A: You are entitled to return to work after maternity leave to the exact same job with the same contract of employment. This is all laid out under Section 26 of the Maternity Protection Act 1994. Your employer is legally obliged to keep your terms exactly the same and you should not be discriminated against in any way because you have taken maternity leave. I would outline your rights and direct your boss to these legal requirements so he or she knows that he is breaking the law if he demotes you or offers you less pay.

Should your boss not make amends after you point this out to him, you could make a complaint to the Workplace Relations Commission (WRC), the State body charged with handling complaints about discrimination in the workplace.

The WRC can intervene on your behalf and try to reach a solution between you and your employer - or it may even decide to appoint an inspector to investigate your complaint.

Childcare for shift worker

Q: I will be returning to work next month after taking maternity leave for my first child. My job entails shift work - typically 6am to 2pm; 2pm to 10pm, or 10pm to 6am. There is often very little notice of the shifts that I would be required to work in a particular week - there have often been cases in the past where I have only got a day or two's notice of a particular shift required of me. I have no idea how I am going to arrange childcare around this type of shiftwork.

My - and my partner's - parents are too elderly to be in a position to mind our child. The longest-opening creche I can find is 7am to 7pm - but even this wouldn't cover certain shift hours. Furthermore, the creche would require me to leave my child in for set hours each day, which is unlikely to work for me. My partner also works shifts so is in a similar position.

Do you have any advice on how I would set up a childcare arrangement which could work in conjunction with our shift-work jobs? Or does such an arrangement even exist? Maeve, Dublin 24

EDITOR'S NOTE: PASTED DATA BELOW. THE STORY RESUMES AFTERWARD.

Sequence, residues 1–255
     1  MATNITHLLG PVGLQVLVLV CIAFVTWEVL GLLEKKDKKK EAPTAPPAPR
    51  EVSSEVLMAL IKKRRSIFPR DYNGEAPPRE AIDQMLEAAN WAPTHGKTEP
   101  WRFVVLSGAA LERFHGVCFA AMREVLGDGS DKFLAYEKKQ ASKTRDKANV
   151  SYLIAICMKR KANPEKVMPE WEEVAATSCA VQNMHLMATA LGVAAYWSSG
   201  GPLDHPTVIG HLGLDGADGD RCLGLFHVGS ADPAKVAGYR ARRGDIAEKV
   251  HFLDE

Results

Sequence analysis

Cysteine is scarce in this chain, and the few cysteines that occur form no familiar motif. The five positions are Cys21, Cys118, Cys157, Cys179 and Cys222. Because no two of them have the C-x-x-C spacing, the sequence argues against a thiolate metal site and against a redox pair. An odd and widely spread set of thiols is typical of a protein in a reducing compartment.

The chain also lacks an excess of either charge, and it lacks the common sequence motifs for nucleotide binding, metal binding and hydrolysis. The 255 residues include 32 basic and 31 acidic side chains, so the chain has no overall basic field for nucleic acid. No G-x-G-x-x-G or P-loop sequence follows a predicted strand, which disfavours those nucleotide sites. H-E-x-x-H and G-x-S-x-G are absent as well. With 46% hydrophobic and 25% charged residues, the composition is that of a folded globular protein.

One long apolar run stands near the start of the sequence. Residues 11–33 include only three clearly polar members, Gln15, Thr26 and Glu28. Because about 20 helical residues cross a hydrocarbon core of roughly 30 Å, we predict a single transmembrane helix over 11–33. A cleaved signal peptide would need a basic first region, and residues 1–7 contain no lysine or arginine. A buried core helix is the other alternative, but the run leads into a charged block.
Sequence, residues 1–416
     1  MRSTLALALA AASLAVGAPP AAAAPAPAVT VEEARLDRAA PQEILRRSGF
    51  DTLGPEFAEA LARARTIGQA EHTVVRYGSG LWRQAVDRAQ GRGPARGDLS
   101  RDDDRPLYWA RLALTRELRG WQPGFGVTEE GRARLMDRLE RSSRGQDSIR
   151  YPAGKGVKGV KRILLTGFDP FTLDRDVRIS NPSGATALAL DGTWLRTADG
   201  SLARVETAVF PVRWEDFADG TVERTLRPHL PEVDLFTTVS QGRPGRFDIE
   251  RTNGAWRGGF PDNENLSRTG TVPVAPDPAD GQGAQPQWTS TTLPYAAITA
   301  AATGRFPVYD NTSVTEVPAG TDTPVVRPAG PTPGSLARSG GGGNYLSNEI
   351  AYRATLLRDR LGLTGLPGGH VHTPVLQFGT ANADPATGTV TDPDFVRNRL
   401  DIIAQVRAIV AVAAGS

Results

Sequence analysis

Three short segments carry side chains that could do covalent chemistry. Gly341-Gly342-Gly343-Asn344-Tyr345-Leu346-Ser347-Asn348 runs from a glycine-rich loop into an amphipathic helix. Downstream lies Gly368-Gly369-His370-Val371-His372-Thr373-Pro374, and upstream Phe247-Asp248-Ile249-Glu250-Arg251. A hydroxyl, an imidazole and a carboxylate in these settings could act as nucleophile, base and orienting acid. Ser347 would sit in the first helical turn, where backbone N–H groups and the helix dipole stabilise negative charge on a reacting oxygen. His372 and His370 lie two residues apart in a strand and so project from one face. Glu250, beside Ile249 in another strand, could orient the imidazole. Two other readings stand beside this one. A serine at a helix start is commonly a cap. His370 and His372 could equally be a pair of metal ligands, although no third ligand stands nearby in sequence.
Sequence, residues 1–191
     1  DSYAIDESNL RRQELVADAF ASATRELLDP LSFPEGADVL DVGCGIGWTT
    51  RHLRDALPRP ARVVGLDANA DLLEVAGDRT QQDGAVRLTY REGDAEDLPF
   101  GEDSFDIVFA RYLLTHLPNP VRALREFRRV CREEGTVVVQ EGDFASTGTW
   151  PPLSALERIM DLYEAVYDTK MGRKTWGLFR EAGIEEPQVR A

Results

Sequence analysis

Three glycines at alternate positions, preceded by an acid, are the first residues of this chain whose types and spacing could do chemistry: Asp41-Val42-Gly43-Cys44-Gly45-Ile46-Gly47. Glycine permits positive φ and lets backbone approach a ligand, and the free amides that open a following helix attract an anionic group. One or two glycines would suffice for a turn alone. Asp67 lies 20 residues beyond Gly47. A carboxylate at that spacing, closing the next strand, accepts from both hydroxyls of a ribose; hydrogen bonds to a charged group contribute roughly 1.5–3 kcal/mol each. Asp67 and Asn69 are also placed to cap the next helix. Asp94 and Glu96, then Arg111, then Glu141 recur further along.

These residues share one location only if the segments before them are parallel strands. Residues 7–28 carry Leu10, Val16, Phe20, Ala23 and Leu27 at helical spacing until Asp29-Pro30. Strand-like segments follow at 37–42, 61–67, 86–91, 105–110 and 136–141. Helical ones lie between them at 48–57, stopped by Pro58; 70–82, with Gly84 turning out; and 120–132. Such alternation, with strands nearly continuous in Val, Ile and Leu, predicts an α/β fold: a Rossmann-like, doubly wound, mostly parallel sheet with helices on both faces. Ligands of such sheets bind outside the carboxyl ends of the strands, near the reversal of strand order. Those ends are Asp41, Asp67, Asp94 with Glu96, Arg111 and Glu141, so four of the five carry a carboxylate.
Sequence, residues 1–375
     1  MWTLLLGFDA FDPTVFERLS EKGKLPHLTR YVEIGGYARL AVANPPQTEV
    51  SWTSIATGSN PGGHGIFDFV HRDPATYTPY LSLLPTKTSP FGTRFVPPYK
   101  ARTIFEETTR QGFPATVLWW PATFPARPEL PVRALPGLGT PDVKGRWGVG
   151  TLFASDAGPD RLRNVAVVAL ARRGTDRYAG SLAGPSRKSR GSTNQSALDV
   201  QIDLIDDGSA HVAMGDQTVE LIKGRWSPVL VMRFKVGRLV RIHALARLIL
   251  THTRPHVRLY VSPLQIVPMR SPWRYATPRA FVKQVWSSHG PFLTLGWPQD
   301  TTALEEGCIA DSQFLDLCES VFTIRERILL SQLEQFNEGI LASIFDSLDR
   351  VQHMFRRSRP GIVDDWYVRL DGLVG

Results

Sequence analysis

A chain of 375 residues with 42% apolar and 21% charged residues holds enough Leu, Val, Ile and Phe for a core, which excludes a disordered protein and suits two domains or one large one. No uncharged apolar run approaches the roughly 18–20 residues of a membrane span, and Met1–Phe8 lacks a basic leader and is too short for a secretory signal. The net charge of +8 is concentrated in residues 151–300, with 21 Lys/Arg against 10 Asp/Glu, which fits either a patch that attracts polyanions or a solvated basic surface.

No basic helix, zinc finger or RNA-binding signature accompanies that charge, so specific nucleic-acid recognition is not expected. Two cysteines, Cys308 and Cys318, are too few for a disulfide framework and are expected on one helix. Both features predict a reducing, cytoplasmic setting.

A: We speak to a lot of parents about the issue of managing their childcare around the demands of their work.

I would advise you speak to your employer and your partner's employer to see if you can come up with a shift sequence that would suit you both and fit in with your childcare responsibilities.

There is a talent shortage out there at the moment and if you are skilled in the work you are currently doing, your employer will be reluctant to lose you as it will have the headache of retraining and recruiting another person. Finding a solution that works for both you and your employer would be the ideal scenario for all involved.

When approaching your employer, I would recommend that you request a meeting with your employer and approach him or her with a solution that would suit your needs.

If your employer does not want to change its shift schedule, perhaps you could consider taking on an au pair?

The average cost of an au pair is approximately €160 a week and the au pair would be available to fill in the gaps in your shift schedule with your partner.

It could be an ideal solution for you in the current situation you are in. I would highly recommend that you go with a reputable au pair agency as the rules have changed recently when it comes to the employment rights of au pairs in Ireland so it is best to be compliant in every way.

Karen O'Reilly is the founder of Employmum, an agency that specialises in finding flexible work solutions for women and mothers returning to the workplace.